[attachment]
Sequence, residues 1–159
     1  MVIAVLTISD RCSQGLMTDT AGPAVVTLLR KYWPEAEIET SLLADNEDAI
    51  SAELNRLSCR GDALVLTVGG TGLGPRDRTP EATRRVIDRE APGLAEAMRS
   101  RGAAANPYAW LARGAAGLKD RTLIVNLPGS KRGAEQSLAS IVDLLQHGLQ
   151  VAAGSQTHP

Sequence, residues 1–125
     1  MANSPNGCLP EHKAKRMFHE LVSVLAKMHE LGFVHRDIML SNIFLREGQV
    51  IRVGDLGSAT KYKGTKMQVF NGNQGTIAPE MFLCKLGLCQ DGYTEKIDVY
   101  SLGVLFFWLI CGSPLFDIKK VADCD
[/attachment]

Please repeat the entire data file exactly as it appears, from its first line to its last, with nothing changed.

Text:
Sequence, residues 1–159
     1  MVIAVLTISD RCSQGLMTDT AGPAVVTLLR KYWPEAEIET SLLADNEDAI
    51  SAELNRLSCR GDALVLTVGG TGLGPRDRTP EATRRVIDRE APGLAEAMRS
   101  RGAAANPYAW LARGAAGLKD RTLIVNLPGS KRGAEQSLAS IVDLLQHGLQ
   151  VAAGSQTHP

Sequence, residues 1–125
     1  MANSPNGCLP EHKAKRMFHE LVSVLAKMHE LGFVHRDIML SNIFLREGQV
    51  IRVGDLGSAT KYKGTKMQVF NGNQGTIAPE MFLCKLGLCQ DGYTEKIDVY
   101  SLGVLFFWLI CGSPLFDIKK VADCD